Related Posts: How to Handle Elderly Bad Behavior


I was scrolling through my newsfeed the other day and a question popped up that was asked in a group I belong to.

How many of you take care of your parents even though they were horrible parents?

What followed was 200+ comments about difficult childhoods. Some were legitimate complaints. Most though were about how their parent messed them up because they were not “perfect” parents. Some of them even admitted that they just never got along with mom/dad. But, all of them blamed their parent for their character flaws.

  • “My parents never took us anywhere so now I have social anxiety.”
  • “I was spoiled by my parents and now I don’t know how to handle money.”
  • “My parents never made me do chores and now I don’t know how to run a washing machine.”
  • “I was forced to do chores and now I don’t like to clean.”

Don’t Blame Your Parents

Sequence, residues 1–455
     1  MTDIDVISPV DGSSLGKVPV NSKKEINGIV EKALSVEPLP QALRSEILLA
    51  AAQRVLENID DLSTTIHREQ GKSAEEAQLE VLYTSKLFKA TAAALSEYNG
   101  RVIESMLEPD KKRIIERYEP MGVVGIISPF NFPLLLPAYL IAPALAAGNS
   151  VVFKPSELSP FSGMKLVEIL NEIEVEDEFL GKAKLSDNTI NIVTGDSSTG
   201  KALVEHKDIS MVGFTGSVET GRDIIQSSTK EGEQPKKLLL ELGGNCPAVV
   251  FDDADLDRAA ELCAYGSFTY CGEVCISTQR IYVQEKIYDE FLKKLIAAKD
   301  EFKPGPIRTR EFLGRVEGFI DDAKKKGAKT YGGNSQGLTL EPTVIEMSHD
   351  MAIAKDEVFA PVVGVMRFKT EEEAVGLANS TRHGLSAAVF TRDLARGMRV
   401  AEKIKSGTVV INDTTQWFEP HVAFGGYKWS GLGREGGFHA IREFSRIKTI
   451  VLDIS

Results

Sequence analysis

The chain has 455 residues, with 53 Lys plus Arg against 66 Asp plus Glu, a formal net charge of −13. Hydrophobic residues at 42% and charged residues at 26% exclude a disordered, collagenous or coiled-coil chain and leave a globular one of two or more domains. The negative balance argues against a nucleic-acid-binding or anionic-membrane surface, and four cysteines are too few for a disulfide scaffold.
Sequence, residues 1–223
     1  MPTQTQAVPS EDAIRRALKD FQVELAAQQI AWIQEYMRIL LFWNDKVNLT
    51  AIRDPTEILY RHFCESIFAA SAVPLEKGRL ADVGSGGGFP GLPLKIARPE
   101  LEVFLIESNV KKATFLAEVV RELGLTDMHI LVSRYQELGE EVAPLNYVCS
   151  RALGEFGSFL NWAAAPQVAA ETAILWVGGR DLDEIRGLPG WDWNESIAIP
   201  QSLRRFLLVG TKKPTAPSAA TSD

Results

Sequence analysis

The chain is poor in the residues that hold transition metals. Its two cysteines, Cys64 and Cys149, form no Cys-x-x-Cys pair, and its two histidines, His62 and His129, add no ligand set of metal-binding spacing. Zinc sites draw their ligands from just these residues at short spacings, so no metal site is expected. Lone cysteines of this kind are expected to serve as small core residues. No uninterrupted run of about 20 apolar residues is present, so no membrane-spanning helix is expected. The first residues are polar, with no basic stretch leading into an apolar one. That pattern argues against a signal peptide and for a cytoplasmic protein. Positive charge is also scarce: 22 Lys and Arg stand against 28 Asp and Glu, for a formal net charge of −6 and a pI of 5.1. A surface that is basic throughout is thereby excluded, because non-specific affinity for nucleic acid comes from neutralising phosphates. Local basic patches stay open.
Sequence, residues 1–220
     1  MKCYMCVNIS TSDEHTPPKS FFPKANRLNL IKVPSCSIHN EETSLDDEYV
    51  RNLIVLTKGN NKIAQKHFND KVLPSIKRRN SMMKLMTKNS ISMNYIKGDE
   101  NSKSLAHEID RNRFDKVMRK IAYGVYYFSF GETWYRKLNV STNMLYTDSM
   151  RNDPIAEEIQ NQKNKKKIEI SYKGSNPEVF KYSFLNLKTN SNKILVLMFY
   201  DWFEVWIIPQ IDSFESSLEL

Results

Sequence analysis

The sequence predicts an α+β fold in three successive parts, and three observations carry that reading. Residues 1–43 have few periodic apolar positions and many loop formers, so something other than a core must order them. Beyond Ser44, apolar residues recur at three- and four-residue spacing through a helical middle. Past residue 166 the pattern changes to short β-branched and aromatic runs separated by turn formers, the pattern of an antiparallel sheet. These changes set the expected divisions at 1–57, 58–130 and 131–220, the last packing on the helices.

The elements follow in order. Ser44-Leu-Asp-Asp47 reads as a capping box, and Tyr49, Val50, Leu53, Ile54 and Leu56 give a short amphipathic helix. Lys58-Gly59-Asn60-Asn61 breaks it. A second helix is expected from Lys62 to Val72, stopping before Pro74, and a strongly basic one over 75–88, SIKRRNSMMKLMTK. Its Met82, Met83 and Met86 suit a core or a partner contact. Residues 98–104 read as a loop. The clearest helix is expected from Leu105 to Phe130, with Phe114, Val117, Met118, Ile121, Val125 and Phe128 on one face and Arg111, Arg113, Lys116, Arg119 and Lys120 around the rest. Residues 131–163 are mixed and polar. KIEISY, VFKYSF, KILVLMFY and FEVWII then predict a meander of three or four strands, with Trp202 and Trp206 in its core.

No one is perfect. We all make mistakes. We all have flaws. There are going to be things that we are required to do as adults that we weren’t taught how to do. Instead of blaming your parents:

  • Determine to change. Find an accountability partner and work on the character that bothers you
  • Find help. If you don’t know how to do something, ask! Google is awesome. Pinterest has everything you never knew you needed to know. You can even find YouTube videos on how to fold a fitted sheet.
  • Start looking at mistakes as opportunity for change. If you find yourself in large amounts of debt, look for ways you can help yourself become more frugal.